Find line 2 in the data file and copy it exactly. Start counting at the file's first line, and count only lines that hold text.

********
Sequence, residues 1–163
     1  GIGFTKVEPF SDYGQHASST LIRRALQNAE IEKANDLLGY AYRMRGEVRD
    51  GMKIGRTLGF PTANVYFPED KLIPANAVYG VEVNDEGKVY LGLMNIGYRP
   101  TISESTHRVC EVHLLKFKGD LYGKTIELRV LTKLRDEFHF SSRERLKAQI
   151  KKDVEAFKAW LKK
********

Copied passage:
     1  GIGFTKVEPF SDYGQHASST LIRRALQNAE IEKANDLLGY AYRMRGEVRD